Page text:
The relationship between proliferation and differentiation during oligodendrocyte development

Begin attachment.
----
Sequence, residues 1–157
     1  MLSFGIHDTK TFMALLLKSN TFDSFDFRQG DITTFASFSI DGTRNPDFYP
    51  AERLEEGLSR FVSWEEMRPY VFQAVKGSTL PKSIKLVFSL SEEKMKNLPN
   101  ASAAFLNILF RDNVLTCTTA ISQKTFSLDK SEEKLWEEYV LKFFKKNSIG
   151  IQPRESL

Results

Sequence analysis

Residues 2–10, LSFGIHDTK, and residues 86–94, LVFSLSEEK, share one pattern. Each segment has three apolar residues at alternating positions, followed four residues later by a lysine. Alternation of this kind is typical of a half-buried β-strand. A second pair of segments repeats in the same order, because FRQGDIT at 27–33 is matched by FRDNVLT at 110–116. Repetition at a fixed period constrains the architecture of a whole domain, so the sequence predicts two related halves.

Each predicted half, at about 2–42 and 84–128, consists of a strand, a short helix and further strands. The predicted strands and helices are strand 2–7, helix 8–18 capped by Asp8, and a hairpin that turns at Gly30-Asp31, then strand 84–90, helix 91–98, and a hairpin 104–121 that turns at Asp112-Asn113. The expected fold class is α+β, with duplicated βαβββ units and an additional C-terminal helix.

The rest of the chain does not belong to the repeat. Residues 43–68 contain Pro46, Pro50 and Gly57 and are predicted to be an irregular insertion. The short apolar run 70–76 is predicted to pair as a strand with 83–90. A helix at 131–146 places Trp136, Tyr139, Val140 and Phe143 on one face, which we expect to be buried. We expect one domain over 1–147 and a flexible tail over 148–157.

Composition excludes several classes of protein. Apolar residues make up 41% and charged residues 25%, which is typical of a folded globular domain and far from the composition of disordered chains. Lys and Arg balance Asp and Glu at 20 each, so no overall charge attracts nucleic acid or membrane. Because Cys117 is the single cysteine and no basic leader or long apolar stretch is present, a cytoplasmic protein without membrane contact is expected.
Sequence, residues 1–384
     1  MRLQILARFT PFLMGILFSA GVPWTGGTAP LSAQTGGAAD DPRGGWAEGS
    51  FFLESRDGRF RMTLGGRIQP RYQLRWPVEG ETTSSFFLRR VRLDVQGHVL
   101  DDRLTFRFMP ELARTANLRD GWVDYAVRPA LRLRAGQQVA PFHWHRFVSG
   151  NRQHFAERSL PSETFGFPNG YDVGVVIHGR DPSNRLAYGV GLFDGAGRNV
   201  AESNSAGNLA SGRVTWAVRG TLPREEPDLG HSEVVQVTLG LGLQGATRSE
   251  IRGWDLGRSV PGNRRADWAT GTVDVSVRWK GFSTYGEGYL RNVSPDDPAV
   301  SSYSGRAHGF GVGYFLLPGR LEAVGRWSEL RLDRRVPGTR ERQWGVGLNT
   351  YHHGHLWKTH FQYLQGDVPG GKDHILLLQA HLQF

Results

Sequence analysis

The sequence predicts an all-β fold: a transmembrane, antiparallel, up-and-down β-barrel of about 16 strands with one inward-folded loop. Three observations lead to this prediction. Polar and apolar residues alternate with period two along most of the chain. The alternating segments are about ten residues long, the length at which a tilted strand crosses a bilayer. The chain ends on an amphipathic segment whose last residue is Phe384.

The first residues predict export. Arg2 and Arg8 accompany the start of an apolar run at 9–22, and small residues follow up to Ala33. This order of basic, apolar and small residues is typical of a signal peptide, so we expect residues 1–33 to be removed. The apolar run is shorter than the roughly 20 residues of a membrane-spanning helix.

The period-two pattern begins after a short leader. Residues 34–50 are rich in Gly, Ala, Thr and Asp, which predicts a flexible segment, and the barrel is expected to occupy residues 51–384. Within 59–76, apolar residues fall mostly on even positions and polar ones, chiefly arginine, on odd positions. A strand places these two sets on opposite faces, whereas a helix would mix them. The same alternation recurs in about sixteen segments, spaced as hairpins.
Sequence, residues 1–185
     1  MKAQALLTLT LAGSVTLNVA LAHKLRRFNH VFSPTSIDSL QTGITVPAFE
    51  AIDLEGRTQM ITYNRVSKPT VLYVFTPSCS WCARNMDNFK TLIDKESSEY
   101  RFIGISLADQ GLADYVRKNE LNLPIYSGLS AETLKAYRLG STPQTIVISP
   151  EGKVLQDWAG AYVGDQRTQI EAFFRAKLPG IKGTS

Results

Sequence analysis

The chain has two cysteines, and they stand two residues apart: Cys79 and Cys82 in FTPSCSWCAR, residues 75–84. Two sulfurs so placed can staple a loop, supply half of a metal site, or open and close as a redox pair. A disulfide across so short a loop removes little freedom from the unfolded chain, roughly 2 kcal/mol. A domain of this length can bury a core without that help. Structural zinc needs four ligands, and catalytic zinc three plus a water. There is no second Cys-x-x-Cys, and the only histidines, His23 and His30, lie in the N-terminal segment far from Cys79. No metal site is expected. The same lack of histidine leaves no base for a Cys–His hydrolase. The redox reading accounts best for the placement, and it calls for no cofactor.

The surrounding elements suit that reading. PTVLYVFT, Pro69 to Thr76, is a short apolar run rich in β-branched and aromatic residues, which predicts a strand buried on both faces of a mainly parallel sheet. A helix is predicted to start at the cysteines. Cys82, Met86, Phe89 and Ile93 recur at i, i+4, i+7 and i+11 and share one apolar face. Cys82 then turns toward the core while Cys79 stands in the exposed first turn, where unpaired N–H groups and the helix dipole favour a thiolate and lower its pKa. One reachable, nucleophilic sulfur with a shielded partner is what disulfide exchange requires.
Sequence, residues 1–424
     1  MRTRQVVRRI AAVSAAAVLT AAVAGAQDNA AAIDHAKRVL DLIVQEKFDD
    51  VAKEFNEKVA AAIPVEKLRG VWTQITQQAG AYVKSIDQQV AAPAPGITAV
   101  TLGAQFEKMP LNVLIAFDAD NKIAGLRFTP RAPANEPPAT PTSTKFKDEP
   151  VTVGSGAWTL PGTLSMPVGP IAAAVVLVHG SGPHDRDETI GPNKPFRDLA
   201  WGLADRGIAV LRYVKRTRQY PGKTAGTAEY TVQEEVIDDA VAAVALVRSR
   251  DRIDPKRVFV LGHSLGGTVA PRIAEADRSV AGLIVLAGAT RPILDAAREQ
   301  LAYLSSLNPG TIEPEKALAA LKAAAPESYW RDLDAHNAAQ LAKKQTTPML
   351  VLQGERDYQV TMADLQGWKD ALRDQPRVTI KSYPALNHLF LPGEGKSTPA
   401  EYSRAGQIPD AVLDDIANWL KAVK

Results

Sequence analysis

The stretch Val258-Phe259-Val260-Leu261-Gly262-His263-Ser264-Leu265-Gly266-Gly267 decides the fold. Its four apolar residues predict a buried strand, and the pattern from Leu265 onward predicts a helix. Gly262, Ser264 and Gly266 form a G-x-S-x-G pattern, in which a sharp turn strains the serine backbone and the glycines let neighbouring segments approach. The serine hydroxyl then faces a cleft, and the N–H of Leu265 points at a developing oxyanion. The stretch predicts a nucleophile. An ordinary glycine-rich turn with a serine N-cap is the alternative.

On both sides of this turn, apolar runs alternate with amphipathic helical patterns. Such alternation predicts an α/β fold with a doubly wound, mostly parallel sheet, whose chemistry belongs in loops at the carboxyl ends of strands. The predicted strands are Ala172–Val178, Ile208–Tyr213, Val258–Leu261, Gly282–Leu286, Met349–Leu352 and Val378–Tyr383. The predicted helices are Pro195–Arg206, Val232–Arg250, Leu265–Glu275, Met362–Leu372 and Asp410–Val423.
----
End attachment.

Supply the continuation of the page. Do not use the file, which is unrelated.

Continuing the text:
How do precursor cells know when it is time to stop dividing and differentiate? The phenomenon of lineage-specific progenitor cells undergoing a limited period of proliferation prior to terminal differentiation is a common theme in multicellular development. Despite this, little is understood about how these two events are co-ordinated during the normal schedule of development. I have studied the question of how proliferation and differentiation are co-regulated in the oligodendrocyte lineage in the rodent optic nerve. Oligodendrocytes are post-mitotic cells that myelinate axons in the vertebrate central nervous system. They develop from precursor cells whose maturation is controlled by a timer, which is an intrinsic property of the cells, that limits proliferation. The timer seems not to control the number of divisions the cell can undergo but rather the length of time during which divisions can occur. Significant effort has been devoted to understanding how the intracellular timer regulates oligodendrocyte development. The timer consists of two components that are modulated by distinct kinds of extracellular signals. Mitogens drive a timing component whose value increases as precursor cells continue to divide. Once this value exceeds a critical threshold, it signals that the proliferative period has elapsed, and hydrophobic signalling molecules trigger an effector component that elicits cell-cycle arrest and differentiation. The value of the timing component is determined by several intracellular molecules whose activities change as the timer runs. One of these molecules is the cell-cycle inhibitor p27: it accumulates in oligodendrocyte precursor cells as they proliferate in culture. When p27 expression is high the precursor cells are more likely to stop dividing and differentiate than when it is low. In oligodendrocyte precursor cells derived from mice that lack p27, the timer runs aberrantly and cell-cycle arrest and terminal differentiation are delayed. It is not understood how the molecular mechanics of the timer control oligodendrocyte development. Does the timer serve to arrest the cell-cycle, with differentiation following by default, or is cell-cycle arrest subordinate to the programme of terminal differentiation? These questions remain unanswered, largely because of a persistent inability to experimentally manipulate the genome of oligodendrocyte precursor cells. The present study was an attempt to overcome these problems and had two aims - first, to devise a reliable system for transfecting oligodendrocyte precursor cells and second, to determine whether the timer primarily controls the timing of cell-cycle arrest. I developed a new retroviral vector that co-expresses p27 and green fluorescent protein (GFP) in precursor cells. The use of GFP allows the identification of living precursor cells that over-express p27, which can then be followed over many days in culture. My findings support previous work showing that p27 plays a role in governing the timing of oligodendrocyte differentiation. They show that over-expression of p27 promotes oligodendrocyte differentiation by advancing the value of the timing component, although it does not promote differentiation if the effector component is inoperative. The cell-cycle time of precursor cells that over-express p27 is dramatically extended, but not stopped. It appears that a firm cell-cycle arrest and entry into a quiescent state may be required to elicit terminal differentiation.